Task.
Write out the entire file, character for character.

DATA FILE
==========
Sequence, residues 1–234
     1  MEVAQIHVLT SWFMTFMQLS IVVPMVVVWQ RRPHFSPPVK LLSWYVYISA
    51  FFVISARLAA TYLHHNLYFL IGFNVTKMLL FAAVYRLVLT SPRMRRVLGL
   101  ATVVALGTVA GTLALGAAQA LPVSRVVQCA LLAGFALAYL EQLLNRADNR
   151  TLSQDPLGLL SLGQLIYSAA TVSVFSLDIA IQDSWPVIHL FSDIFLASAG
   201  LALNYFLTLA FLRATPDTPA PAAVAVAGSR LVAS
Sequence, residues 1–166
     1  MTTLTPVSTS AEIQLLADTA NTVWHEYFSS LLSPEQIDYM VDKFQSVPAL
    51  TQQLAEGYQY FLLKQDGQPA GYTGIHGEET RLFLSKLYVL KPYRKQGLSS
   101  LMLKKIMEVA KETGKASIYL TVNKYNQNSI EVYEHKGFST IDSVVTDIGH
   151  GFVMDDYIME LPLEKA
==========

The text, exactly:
Sequence, residues 1–234
     1  MEVAQIHVLT SWFMTFMQLS IVVPMVVVWQ RRPHFSPPVK LLSWYVYISA
    51  FFVISARLAA TYLHHNLYFL IGFNVTKMLL FAAVYRLVLT SPRMRRVLGL
   101  ATVVALGTVA GTLALGAAQA LPVSRVVQCA LLAGFALAYL EQLLNRADNR
   151  TLSQDPLGLL SLGQLIYSAA TVSVFSLDIA IQDSWPVIHL FSDIFLASAG
   201  LALNYFLTLA FLRATPDTPA PAAVAVAGSR LVAS
Sequence, residues 1–166
     1  MTTLTPVSTS AEIQLLADTA NTVWHEYFSS LLSPEQIDYM VDKFQSVPAL
    51  TQQLAEGYQY FLLKQDGQPA GYTGIHGEET RLFLSKLYVL KPYRKQGLSS
   101  LMLKKIMEVA KETGKASIYL TVNKYNQNSI EVYEHKGFST IDSVVTDIGH
   151  GFVMDDYIME LPLEKA